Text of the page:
How to Secure Your Web Apps Using AWS Web Application Firewall

Nov 20, 2018 | Announcements, Migration, MSP

Security is a big concern for web applications, especially when they’re used globally. When an asset is public, it’s prone to different kinds of attacks from different hackers. Unfortunately, sometimes developers or organizations don’t focus on securing their web apps from common exploits, or they invest so much time and resource in security that product functionality suffers.

Common types of web attack

There are many types of web attacks, but the most common are distributed denial of service (DDoS)SQL injection, and cross-site scripting (XSS). I’ll address some solutions to these in this blog post.

AWS Web Application Firewall can help

AWS Web Application Firewall (AWS WAF) helps to protect your web applications from common exploits that can affect application availability, breach security in your application, and affect application performance.

  • Worried about building security around common attacks? AWS WAF is a solution for this.
  • How about blocking a certain IP address from hitting your site? There is no easy way to block it without AWS WAF.

Getting started with AWS WAF

AWS WAF is comprised of web access control lists (web ACLs) and various rules within it. If you have not worked with web ACLs before, these give you fine-grained control over the web requests responded to by Amazon API Gateway API, Amazon CloudFront distribution, or Application Load Balancer (AWS ALB).

Here’s what the interface looks like:

On this screen, you can create web ACLs and add or create rules in it. In the AWS Marketplace, you can find existing rules developed by trusted authorities available for use (along with pricing information). AWS WAF comes with preconfigured rules that will help you protect your app from various kinds of attacks. AWS WAF can only be applied in front of AWS Application Load Balancer (AWS ALB), Amazon CloudFront distribution, or Amazon API Gateway.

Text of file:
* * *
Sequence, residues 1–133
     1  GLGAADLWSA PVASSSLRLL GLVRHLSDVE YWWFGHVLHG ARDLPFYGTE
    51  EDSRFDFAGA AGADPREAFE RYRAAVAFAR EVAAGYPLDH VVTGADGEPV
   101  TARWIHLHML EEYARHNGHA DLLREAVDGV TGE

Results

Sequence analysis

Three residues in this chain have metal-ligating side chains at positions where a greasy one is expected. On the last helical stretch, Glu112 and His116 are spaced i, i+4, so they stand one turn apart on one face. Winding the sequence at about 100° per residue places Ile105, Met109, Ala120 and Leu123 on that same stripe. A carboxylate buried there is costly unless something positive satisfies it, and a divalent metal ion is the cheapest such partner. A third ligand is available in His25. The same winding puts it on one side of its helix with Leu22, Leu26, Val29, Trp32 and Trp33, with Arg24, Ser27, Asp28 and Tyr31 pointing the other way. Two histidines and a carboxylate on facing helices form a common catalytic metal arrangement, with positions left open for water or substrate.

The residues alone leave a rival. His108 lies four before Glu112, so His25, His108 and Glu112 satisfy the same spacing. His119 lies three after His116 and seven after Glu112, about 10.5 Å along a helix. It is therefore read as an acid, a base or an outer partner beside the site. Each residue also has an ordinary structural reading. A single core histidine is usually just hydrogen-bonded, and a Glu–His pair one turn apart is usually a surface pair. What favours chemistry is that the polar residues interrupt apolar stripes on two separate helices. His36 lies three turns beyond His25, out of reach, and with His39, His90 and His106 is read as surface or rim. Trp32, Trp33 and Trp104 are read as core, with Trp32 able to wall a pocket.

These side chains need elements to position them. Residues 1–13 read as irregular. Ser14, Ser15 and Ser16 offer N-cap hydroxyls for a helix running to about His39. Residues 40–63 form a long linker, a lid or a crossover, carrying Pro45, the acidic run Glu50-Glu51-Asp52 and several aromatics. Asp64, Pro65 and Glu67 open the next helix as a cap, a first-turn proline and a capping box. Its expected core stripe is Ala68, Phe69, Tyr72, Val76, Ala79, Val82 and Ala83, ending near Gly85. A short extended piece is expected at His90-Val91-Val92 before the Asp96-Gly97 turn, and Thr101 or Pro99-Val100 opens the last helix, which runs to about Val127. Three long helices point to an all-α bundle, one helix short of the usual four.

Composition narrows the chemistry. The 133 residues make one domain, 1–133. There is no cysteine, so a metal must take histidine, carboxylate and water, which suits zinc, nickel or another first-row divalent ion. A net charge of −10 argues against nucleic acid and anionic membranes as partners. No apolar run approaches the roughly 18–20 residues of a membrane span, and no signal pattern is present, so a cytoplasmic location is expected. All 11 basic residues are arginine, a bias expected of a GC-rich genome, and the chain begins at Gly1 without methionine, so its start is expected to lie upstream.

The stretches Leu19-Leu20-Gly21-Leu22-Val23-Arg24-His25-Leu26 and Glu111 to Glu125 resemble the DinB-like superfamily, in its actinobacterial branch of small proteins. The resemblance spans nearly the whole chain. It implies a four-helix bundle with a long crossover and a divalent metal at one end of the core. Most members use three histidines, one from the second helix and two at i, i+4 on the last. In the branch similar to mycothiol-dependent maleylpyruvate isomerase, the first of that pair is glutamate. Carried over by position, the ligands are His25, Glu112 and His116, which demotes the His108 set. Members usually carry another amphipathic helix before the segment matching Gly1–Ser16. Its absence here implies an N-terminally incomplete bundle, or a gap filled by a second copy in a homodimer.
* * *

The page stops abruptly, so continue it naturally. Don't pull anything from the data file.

The preconfigure template documentation can be found here:

This template creates a set of resources as you can see here:

This solution is easy to deploy via AWS CloudFormation, and you can turn on and off prevention against attacks described in the above diagram.

Rules created by AWS WAF

This template created the following rules:

Let’s review each of the rules.

1. Bad bot & scraper protection

When you launch the AWS CloudFormation script, it will give you a honeypot URL in the output that you can embed in your web application as a hidden HTML link. So, if a bot hits that URL, that IP will get blocked and the user won’t be able to access your web application further.

2. SQL injection protection

This rule will protect your web application from SQL injection (SQLi) attacks. It will scan URLs, query string, headers, HTML body, and much more. Take a look at the rules in the following image:

3. Cross-site scripting protection